Katie Hupfer wins 2024 IndyStar Sports Mom of the Year

PENDLETON — Katie Hopfer, formerly Hanold, grew up here in Pendleton, about two blocks from downtown, four blocks from the school and five from the park. There was a house next door to hers that had an empty lawn perfect for playing baseball or kicking a ball or something.

“As long as we mow the lawn and cut the grass, we can exercise,” she said.

There were 15 to 18 neighborhood kids who would join Katie and some of her siblings (four sisters and two brothers). Virgil Mabry, who is the same age as Katie and in her graduating class, once told her oldest son, Kyle Hopfer, that his mother could throw harder and run faster than any of the boys. “Your mother would do anything you wanted in sports,” Mabry told him.

Mabry knew too. He was the leading scorer on Pendleton’s basketball team as a senior. But for Katie, who grew up in the 1950s and early 1960s, there were few opportunities for girls to play sports. In high school, like other girls her age, she was limited to sporting opportunities provided through the Girls’ Athletic Association (GAA). It was better than nothing.

But not much.

Katie Hopfer, IndyStar's 2024 Athlete Mother of the Year, smiles for a photo, Thursday, May 9, 2024, at her home in Pendleton.

This was still a decade before Title IX was passed by the United States Congress to ensure that institutions that received federal funding provided equal opportunities for men and women. Katie played the old-fashioned 6-on-6 basketball game that was popular in Iowa in the 1990s.

“They thought girls were so fragile,” Katie said. “So, they weren’t used to having all the girls running up and down the court. They had two on one end, two on the other, and two rovers. And obviously you can see how basketball has evolved and come a long way since then.”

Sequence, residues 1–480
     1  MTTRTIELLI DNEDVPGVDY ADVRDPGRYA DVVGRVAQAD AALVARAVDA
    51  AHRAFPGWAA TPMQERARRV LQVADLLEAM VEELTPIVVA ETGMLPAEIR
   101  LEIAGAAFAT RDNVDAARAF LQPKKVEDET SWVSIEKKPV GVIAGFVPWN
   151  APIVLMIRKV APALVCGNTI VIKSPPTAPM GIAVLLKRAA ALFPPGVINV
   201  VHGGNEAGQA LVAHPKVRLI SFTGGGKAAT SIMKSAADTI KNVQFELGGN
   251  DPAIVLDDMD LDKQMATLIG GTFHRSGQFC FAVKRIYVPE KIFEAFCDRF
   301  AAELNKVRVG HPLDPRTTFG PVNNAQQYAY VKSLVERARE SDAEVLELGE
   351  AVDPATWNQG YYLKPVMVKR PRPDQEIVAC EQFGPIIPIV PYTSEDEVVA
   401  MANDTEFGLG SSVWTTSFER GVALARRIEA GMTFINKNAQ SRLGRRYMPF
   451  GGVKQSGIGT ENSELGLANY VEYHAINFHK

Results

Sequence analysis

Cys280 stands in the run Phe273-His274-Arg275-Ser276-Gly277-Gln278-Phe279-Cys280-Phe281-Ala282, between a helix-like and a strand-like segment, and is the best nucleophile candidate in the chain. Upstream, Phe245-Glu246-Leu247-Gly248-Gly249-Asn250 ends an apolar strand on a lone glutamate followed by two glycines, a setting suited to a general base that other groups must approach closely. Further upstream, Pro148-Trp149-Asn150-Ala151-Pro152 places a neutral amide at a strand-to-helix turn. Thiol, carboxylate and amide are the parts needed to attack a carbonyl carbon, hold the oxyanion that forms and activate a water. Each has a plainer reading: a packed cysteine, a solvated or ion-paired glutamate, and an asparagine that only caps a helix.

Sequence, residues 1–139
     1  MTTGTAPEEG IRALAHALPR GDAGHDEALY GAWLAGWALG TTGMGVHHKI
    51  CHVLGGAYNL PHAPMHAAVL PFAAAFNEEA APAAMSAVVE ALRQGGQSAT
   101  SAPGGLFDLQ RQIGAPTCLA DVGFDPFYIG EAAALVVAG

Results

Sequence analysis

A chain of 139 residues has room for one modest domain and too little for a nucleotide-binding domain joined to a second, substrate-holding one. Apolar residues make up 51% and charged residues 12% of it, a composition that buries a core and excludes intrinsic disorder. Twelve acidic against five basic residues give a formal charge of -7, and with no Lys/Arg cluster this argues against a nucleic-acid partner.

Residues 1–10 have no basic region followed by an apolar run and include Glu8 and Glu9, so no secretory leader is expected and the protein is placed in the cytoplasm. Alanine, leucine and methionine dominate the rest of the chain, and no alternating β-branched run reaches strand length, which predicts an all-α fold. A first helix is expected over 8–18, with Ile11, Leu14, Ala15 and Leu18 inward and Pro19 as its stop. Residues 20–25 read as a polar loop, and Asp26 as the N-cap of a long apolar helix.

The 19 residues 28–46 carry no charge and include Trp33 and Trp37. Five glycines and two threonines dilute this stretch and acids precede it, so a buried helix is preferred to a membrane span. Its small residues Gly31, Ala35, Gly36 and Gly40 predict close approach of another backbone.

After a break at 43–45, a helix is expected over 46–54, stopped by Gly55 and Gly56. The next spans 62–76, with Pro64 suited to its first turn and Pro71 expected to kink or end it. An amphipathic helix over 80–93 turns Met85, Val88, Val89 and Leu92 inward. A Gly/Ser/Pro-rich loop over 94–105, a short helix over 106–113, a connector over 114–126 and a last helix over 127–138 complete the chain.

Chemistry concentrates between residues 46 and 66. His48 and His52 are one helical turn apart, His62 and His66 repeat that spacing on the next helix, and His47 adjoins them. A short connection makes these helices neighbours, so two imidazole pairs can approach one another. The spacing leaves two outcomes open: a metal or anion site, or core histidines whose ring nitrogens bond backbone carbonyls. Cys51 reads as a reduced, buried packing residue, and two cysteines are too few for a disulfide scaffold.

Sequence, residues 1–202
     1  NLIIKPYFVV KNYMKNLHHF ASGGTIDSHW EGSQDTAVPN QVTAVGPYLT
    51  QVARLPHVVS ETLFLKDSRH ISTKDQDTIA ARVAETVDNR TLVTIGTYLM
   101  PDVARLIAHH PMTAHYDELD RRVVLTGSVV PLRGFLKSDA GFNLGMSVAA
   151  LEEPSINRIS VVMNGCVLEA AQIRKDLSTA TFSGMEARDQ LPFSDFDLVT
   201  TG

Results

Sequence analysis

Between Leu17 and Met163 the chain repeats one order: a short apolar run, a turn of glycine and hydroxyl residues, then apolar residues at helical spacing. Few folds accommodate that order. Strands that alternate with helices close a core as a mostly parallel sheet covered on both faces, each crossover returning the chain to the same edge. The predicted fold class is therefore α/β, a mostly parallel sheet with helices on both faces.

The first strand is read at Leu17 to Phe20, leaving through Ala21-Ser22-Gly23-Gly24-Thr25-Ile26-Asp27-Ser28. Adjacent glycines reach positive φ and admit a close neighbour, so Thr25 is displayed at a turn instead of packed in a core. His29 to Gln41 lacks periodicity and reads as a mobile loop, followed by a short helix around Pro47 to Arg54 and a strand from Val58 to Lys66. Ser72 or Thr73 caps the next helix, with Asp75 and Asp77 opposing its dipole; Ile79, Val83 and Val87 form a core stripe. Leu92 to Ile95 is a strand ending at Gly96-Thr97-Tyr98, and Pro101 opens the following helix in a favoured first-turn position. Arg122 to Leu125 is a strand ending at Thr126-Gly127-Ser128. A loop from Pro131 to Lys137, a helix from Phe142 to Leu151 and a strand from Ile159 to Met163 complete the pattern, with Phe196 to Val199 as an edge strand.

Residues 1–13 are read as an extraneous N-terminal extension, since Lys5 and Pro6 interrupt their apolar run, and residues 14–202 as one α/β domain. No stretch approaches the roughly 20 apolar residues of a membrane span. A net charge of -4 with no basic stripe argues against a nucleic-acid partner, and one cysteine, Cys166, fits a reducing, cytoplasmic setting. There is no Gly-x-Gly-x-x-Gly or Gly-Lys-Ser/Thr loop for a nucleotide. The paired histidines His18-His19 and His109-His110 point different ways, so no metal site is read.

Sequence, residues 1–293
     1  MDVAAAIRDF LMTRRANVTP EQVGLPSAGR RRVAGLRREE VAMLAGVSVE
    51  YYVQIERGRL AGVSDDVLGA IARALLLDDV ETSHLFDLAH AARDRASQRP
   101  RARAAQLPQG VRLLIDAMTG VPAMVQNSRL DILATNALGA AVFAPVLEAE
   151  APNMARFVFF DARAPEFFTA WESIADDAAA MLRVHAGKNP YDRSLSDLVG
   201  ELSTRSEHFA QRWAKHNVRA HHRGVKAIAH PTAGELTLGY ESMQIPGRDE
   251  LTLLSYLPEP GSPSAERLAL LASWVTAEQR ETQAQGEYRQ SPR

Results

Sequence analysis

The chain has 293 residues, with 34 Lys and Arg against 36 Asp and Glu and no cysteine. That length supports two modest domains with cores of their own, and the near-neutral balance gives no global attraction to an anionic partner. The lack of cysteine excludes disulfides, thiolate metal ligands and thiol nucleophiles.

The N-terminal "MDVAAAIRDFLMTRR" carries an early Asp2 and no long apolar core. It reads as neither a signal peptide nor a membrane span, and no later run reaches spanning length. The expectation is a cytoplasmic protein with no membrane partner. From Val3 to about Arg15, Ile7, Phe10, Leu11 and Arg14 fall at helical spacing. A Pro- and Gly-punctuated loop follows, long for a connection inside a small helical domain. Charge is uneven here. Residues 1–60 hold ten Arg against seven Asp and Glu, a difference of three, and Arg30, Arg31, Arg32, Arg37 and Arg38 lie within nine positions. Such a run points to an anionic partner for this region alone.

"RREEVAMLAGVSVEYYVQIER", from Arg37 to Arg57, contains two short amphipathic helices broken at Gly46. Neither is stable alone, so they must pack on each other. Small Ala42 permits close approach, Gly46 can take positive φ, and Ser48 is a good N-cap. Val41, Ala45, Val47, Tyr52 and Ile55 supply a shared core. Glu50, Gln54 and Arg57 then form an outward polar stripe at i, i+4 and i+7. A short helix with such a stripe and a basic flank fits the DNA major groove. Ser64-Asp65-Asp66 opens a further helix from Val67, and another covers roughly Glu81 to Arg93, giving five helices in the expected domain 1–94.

Hopfer, 78, often had a front row seat. IndyStar’s 2024 Mother’s Day Athlete of the Year has traveled thousands of miles — “I’d love to know how many miles,” said her daughter, Angie Bosnak — tracking her four children, and now her grandchildren. These kids and their classmates know her as “Memaw” who is always on time for her Rice Krispie bowls.

But Meemaw is not nice. Her husband, Clarence, calls her “old school.” When it came to sports, she expected her children to fight their own battles. She wanted them to fight through their own struggles without parental interference. One time, when eldest son Kyle came home after a game and said, “Well, I was bad tonight.” His mother’s response? “Yes you did.”

“I think one of the mistakes parents sometimes make is they try to make everything easier for their kids,” Katie said. “I think it’s okay for kids to have things that don’t go right and they have to confront those things. … That’s part of everything in life. Things don’t always go the way you want them to go.”

Katie lost her father, Fred, at the age of 53 in 1972. One of his favorite pastimes was going to basketball games on Friday nights. His sons, Phil and Fred, were standout athletes who played basketball and ran track in college at Indiana Central.

“He had a fancy radio so he could follow all the games when my brothers played,” Katie said. “He wasn’t going to miss any games. He loved being here when my kids were playing.”

Katie also graduated from Indiana Central in 1968. Her mother, Ruth, was an elementary teacher in Pendleton from 1951 to 1982 and six of her seven children earned degrees in education, including Katie. She taught math and physical education at Beech Grove in her first job out of college, then stepped back from teaching to raise her children.

Clarence Kyle got his start playing basketball at an early age in Anderson, where he played in leagues for the Wilson Boys Club. One day, when Katie brought Kyle to Anderson for practice, longtime coach Willie Turner asked Katie if the girls would sign up, too. Megan was a sixth grader and Angie was a second grader.